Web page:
By Abdeselam Eddahmani
By Abdeselam Eddahmani
Rabat – Mohammed Mezouri, known by his stage name Muslim, is a Moroccan hip-hop pioneer. A politically conscious rapper seen as the voice of the voiceless, the lyrics of his songs describe Moroccan citizens’ concerns.
Morocco World News catches up with him to talk about his latest hit “Domini” (“Hug Me Tight”), rap, the current government, and the ongoing protests in Rif region.
Morocco World News: Your latest song “Domini” has exceeded two million views on Youtube. Can you tell us more about it?
Muslim: As usual the song is written and performed by me, produced by Bilal Africano, and recorded and mixed in Tangier at Africa Production Studio. The mastering was done by Fleuron at Color Sound Studio in Paris, and the music video was directed by Redouan Aqali in Ifrane – almost the same team I worked with is my last clip “Zen9a”.
In “Domini”, you rap:
[Your people are a gang
They want you lying
You’ve become a jungle betrayed by its own wolves]
What do you mean by that?
At first sight, people thought I was talking about a woman. But when they listened carefully, they have understood that I am talking about our homeland Morocco. There is a big difference between the government and the homeland.
The government is the cause of all Moroccan citizens’ problems. We need a government that serves our homeland and citizens’ interests, not its personal interests. We need something that makes us love our country, not that drives our young people to throw themselves in the death boats trying to escape the hell of poverty, unemployment, and drugs.
Anyone who has been listening to Muslim since the “Tanjawa Daba” album will make a link between your new song and the current Rif protests. Is the link accurate?
The situation of the Moroccan citizens in Al Hoceima and the Rif is the same for Moroccan citizens throughout [the country]. I think it’s normal for me to discuss any subject that bothers me just like any other Moroccan citizen. This is what’s rap is about: passing a message.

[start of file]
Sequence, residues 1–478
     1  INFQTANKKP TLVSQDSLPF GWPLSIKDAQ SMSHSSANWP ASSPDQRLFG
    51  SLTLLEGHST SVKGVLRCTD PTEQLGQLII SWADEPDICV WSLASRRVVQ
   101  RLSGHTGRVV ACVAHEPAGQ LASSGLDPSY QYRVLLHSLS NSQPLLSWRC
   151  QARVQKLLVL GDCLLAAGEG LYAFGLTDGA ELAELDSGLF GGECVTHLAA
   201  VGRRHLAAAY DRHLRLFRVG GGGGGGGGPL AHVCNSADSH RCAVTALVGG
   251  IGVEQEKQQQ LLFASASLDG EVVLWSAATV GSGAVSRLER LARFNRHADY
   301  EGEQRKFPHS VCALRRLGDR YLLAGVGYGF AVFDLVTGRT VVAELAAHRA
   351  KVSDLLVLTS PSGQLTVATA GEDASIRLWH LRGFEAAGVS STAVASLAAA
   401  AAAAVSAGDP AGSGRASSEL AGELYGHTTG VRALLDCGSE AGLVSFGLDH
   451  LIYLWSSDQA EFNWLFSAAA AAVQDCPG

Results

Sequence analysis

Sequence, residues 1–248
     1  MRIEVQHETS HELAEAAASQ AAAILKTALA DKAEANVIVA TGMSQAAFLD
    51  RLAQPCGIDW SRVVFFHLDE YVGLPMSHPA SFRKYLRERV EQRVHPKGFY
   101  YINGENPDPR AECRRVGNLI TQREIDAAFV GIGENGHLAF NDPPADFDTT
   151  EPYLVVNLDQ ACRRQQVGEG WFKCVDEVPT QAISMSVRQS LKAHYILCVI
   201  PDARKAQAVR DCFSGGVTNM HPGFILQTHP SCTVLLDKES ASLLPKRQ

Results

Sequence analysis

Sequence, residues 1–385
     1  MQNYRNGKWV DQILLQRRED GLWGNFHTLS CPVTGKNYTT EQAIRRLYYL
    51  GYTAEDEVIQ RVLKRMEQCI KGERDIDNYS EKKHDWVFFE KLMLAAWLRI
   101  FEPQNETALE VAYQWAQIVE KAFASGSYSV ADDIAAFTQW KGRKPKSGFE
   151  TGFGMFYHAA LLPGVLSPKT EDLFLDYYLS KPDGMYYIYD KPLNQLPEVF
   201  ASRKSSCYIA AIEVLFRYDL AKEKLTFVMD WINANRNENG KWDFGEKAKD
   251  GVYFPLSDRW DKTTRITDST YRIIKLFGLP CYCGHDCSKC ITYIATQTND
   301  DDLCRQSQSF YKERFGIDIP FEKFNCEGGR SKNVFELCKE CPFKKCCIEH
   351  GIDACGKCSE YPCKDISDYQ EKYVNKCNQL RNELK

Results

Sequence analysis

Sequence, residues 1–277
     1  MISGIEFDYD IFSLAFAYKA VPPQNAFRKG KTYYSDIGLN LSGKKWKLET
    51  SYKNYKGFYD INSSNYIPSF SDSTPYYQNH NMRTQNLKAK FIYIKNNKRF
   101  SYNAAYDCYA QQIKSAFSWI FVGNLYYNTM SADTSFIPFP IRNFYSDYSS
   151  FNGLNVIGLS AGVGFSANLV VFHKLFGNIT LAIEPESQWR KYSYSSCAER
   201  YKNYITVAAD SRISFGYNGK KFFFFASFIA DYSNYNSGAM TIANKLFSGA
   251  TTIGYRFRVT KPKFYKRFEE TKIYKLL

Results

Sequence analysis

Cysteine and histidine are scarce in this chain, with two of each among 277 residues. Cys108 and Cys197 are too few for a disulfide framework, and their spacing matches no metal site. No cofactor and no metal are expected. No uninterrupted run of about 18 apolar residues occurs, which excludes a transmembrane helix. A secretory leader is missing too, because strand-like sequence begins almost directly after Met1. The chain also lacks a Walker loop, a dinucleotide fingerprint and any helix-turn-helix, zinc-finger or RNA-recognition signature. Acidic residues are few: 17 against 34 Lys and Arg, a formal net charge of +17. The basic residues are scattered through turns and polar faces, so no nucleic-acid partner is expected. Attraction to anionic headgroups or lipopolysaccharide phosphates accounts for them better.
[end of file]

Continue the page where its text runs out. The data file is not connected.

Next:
As an artist, what is your opinion on the Rif protests?
This is the first time I will publicly express my opinion on the protests in Al Hoceima and Rif since the beginning of the protests. Yet, I have been 100 percent in solidarity with the Rif residents.
Any Moroccan who listens to the demands of the citizens from the Rif, who ask for job opportunities, medical treatment and revitalization of life in rural areas, can only be in solidarity with them.
But I am against all those who have surfed on the wave of demonstrations and used the legitimate Hirak [movement] for the purpose of sowing divide and spreading racism.
That is why I remained silent, so that my opinion wouldn’t affect the public opinion, and God willing, the conditions of our brothers in the Rif and other regions of Morocco will improve.
We started a protest movement of our own since 1996 when we chose rap as an art for expression to criticize and discuss what is negative at both the governmental and social level.
But this criticism is only a fruit of our jealousy and love for our homeland which we aspire to see at [its] best, because its people deserve it.
A remarkable repeated comment by your fans is that Muslim music videos decrease the strength of his songs What do you think?
That’s a smart question, but the answer is easy. I think that among the things that Muslim in known for is the strengths of his words.
In my texts, you find rhymes and analogous metaphor, these are elements factors that make any image weak in front of the beauty of the text. Besides, we try not to get into scenarios and stories that will take too much time.
All your recent songs are trap music. Is Muslim trying to follow the new trend? Is there a chance to hear Muslim once again like in the old days?
Whoever has followed Muslim since his beginning in 1996 will find that Muslim is a contemporary to his time music.
I did the old school with “Out-Life”, undergound with the “Zenka Flow” and I performed in the West Coast [style] too.
Rap is in a constant evolution, and we need to evolve with it, which proves that Muslim can handle any style. As for the classic [style], it shall never die and I will still continue to do it because I like it. Rap is in a permanent evolution, but it shall return to the classic.
Many of your fans keep asking, is there any chance to they will see Muslim and Larrabee collaborate again?
It was not long since I last met my brother Larrabee. God willing, we may release a song, a music video, or even an album together at any time.
But doing so requires time. We are getting older and our responsibilities are increasing. This is why we haven’t found [the time] to get together.
Yet “Zenka Flow” will remain one of the great schools in Moroccan hip-hop.
What can you tell us about your future projects?
There are many upcoming projects, new styles, new videos. I keep working hard to raise the Moroccan rap flag and give my fans the music they deserve.